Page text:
Space Harrier is a third-person rail shooter created by Sega’s legendary Yu Suzuki, who went on to release several other Sega classics like After Burner, Virtua Fighter and Shenmue I and II. Suzuki set himself apart from most developers by being one of the first pioneers of 3D games, and at such an early time for gaming that was practically unheard of.
Not only was Space Harrier one of the first examples of that pseudo-3D sprite scaling experience, it was also one of the first third-person shooters to be released. The game set itself apart even further by incorporating a gameplay style reminiscent of bullet hell shooters (probably one of my favourite game genres) set in a new, and sometimes disorienting perspective. Having paved the way for other on-rails bullet hell style third-person shooters like Super Thunder Blade, Sin & Punishment I and II and Kid Icarus Uprising, Space Harrier was something else entirely for its time.
Set in the “Fantasy Zone”, an alternate reality full of mechs, mammoths, Chinese dragons and flying, fire-blasting Moai statues, Space Harrierwas just plain bizarre. And to make matters even stranger, the game placed you in command of a flying blonde-haired, jumper-wearing hero carrying an enormous bazooka. Yup…
Don’t let that weirdness sway you away from the game though, it’s worth trying just so you can experience the engagingly surreal world. The gameplay is just as it sounds and can be tricky to handle considering you have to not only weave past enemy bullets but also the many obstacles that get in your way. While my playthrough was manageable (I’m not gonna lie, the only way I could possibly beat this game was with infinite continues, thanks to Sonic’s Ultimate Genesis Collection, anything else either landed you a Game Over or cost you coins) hitting obstacles left and right was pretty frustrating sometimes. Oddly enough, the boss battles are easier to tackle because there was less you had to weave past, but still presented me with a challenge I simply couldn’t refuse.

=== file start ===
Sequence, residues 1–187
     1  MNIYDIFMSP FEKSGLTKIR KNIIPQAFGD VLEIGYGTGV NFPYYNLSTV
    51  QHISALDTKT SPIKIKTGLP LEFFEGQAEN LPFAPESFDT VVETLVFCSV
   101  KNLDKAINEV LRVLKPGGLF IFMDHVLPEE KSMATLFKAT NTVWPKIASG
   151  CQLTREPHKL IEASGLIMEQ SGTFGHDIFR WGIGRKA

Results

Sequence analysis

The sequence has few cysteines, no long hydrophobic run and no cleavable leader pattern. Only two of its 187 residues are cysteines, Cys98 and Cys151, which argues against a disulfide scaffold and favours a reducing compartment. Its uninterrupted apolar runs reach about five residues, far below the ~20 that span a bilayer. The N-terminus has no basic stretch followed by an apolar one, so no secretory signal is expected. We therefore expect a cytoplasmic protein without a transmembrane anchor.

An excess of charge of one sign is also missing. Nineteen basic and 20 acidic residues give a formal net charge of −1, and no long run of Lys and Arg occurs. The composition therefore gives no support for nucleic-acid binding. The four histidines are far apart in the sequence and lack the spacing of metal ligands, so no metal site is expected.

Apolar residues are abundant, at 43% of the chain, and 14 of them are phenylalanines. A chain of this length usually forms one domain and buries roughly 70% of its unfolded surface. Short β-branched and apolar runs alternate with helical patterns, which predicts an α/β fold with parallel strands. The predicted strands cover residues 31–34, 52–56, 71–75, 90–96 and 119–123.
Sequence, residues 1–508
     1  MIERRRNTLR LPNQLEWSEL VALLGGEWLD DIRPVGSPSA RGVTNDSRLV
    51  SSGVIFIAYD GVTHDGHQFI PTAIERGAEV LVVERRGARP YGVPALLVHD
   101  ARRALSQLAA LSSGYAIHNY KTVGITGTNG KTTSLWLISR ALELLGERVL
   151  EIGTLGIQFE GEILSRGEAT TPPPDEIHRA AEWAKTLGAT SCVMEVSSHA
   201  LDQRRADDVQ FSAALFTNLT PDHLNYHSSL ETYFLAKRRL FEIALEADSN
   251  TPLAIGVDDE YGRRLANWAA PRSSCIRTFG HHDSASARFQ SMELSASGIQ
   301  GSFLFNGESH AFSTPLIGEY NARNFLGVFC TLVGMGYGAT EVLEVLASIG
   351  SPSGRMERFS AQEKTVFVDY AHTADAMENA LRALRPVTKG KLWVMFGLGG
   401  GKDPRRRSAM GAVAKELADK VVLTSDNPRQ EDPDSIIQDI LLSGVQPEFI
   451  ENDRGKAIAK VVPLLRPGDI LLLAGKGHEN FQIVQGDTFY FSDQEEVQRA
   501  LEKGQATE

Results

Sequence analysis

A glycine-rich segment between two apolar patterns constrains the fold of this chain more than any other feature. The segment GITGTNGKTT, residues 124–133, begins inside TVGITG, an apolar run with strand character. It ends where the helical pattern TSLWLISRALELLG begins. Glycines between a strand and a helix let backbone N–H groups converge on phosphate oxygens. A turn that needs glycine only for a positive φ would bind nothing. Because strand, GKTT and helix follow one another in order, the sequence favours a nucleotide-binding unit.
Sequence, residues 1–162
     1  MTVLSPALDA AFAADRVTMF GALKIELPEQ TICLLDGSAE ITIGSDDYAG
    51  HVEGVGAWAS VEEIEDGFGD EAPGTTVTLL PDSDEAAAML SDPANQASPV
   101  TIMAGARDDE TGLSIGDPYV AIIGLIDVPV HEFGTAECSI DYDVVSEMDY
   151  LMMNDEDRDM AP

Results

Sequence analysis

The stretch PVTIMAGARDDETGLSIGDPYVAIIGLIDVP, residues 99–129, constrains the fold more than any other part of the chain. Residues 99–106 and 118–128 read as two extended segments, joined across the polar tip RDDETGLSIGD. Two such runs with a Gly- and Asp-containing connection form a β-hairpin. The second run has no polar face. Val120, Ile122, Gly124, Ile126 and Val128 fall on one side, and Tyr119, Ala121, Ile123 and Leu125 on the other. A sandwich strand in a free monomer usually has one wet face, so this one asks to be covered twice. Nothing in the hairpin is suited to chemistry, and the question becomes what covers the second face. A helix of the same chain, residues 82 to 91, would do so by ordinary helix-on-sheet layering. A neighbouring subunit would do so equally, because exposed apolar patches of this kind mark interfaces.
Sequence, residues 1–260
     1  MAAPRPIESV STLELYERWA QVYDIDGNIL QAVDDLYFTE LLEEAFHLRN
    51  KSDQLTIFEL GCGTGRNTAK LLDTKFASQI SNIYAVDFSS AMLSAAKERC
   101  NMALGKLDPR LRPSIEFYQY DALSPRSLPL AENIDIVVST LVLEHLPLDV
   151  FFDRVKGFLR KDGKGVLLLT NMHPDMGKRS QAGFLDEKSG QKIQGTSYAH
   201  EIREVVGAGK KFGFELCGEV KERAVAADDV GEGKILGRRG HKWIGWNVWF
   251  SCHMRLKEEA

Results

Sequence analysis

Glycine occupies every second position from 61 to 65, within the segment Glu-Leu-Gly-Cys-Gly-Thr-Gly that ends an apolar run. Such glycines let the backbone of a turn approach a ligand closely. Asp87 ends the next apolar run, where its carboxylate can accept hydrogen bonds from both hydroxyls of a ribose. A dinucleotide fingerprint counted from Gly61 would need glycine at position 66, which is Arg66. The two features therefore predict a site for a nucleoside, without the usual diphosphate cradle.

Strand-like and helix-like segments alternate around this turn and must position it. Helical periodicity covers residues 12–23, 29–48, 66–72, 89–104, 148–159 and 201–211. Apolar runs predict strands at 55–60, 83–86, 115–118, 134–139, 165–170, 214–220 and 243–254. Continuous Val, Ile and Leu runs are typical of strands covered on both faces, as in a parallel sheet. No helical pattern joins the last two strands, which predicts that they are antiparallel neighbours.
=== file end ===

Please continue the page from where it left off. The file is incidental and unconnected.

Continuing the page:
While Space Harrier is a total treat in its console ports (apparently the Sega 32X port is one of the best — who would have thought?), but nothing quite compared to the arcade experience. Sega went all out with the “Rolling Style” seated arcade cabinet, which moved accordingly to your joystick movements. If you ever get the chance to play on this cabinet please, for the love of god, do it. I doubt you’ll experience anything quite like it.
Love it or hate it, Space Harrier helped take gaming to a whole other level thanks to its gameplay, atmosphere and 3D technology. It’s certainly not one of the most accessible games out there, but the genre retains a certain arcade charm few games have tackled, even today. So then, what are you waiting for?